religious experience

How do Schleiermacher and Process relate?

Question: 
Schleiermacher's theology is very close to process theology, so could process be a bridge between American and continental theologies?
Publication Month: 
May 2012
Author - First Name: 
John B.
Author - Last Name: 
Cobb, Jr.

This is a complex question. Let me first describe where I agree. Schleiermacher was certainly an important figure in German theology. He is often called the father of liberal theology. During the nineteenth century, along with Hegel and Kant, he was a major shaper of the tradition. His basic program was renewed by Rudolph Otto, and there are clear continuations in Paul Tillich. There are certainly today adherents of this tradition.

Wrestling with the Ox: A Theology of Religious Experience

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Paul O. Ingram

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Religious Experience

Question: 
It seems to me that when we strip theism of the fallacy of "argument from authority", the only proof we have left for God is in religious experiences. There has been some recent scientific research on Religious Experiences done by neuroscientists like Andrew Newberg (Why God Won't Go Away). Newberg and other researchers have been able to study them in laboratory conditions using single photon emission computed tomography (SPECT). His research concludes that religious experiences are real, observable events in the brain. I know it has often been the position of religious people to deny science's ability to explain the mystical using reductionist, scientific methodology... but his findings, it seems to me, are very reconcilable with a panentheistic view of God. During religious experiences, it has been observed, the flow to the "object association area" in the brain's left parietal lobe, which is responsible for drawing the line between the physical self and the word, is reduced. Is this not consistent with the belief that the divine is all around us, and can only be experienced when we stop focusing on the material and on our narrow selves and begin to see the vast interconnectedness of all things, those rare moments we call "religious experiences." Abraham Maslow made a similar claim, years earlier, when he stated that B-Cognition (in his peak experiences) was a momentary melting away of Ego. He also stated that these peak experiences are "the core religious experience." Do you think that Andrew Newberg's research can be reconciled with a panentheistic view of God?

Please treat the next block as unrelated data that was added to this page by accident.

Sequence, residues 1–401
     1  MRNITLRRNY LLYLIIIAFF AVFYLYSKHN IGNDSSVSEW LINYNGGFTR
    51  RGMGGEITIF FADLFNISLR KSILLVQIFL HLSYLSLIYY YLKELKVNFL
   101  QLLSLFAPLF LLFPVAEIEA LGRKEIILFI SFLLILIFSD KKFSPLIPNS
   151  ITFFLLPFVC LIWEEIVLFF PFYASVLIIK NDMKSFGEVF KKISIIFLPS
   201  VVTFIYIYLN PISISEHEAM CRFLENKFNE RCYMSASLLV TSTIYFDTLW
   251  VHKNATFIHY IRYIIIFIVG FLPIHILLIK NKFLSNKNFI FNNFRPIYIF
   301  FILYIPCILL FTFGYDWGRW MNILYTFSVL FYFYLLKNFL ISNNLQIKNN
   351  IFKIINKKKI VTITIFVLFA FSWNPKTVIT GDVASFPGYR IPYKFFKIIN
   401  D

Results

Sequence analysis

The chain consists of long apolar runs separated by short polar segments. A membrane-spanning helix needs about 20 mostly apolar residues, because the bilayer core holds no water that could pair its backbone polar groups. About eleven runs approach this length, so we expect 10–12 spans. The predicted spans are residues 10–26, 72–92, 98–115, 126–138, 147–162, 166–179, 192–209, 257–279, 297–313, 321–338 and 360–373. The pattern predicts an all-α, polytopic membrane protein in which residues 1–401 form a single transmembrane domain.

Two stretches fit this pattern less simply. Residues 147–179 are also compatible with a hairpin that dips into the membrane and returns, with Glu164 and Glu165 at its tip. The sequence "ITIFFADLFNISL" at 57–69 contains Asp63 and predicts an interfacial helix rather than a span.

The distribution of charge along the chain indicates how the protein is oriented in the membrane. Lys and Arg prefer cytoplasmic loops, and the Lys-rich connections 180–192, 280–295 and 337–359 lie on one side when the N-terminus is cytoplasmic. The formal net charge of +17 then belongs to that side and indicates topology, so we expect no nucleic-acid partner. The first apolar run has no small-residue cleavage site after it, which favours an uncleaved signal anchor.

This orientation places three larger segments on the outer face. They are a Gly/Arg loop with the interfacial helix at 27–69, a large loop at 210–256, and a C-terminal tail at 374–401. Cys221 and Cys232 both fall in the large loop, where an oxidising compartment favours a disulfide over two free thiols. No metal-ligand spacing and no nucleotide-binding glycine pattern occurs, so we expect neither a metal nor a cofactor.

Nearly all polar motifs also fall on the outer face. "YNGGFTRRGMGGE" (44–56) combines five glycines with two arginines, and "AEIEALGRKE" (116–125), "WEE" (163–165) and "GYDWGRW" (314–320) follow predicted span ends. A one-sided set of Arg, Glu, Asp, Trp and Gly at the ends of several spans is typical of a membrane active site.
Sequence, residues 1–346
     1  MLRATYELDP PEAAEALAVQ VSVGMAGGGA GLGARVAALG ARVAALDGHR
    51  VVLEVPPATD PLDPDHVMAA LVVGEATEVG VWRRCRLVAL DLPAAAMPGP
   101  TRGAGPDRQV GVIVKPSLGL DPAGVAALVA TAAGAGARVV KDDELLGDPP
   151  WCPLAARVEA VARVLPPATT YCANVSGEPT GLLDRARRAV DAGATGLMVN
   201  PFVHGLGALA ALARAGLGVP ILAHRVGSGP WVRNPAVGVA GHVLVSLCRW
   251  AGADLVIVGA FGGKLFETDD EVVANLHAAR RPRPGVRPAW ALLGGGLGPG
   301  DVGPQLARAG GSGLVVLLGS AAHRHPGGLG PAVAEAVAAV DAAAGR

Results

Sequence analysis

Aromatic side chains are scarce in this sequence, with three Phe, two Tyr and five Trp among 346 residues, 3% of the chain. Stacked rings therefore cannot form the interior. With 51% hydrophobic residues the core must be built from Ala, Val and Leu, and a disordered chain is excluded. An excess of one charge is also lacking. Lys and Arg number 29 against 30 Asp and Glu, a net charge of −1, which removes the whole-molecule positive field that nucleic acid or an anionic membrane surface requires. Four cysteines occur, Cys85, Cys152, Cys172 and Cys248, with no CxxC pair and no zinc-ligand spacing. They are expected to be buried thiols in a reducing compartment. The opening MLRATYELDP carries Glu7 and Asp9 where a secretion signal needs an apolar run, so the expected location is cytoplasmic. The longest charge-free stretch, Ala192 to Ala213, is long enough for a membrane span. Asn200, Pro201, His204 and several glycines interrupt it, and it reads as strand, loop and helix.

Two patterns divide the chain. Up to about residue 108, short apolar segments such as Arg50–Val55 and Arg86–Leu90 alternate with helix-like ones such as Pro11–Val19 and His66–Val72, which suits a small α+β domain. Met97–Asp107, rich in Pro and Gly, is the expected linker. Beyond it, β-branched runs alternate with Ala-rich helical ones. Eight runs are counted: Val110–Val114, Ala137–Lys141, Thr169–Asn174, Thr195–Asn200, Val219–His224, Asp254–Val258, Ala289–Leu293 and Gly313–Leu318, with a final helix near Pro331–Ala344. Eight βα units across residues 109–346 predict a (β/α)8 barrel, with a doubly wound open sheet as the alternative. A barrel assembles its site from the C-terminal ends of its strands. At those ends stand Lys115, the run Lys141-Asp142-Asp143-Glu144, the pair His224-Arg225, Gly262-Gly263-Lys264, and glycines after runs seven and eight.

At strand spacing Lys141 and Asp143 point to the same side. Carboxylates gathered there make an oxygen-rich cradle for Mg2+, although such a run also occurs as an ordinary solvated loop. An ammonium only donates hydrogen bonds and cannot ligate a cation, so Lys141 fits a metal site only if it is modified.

Publication Month: 
November 2002
Author - First Name: 
John B.
Author - Last Name: 
Cobb, Jr.

Dr. Cobb's Response

The Physiology of Religious Experience

Before tackling this question, I should acknowledge that I have not kept up closely with the recent research to which the questioner calls attention. My answer will, therefore, be somewhat general. But I hope it will not be irrelevant to the particularities of recent discoveries.

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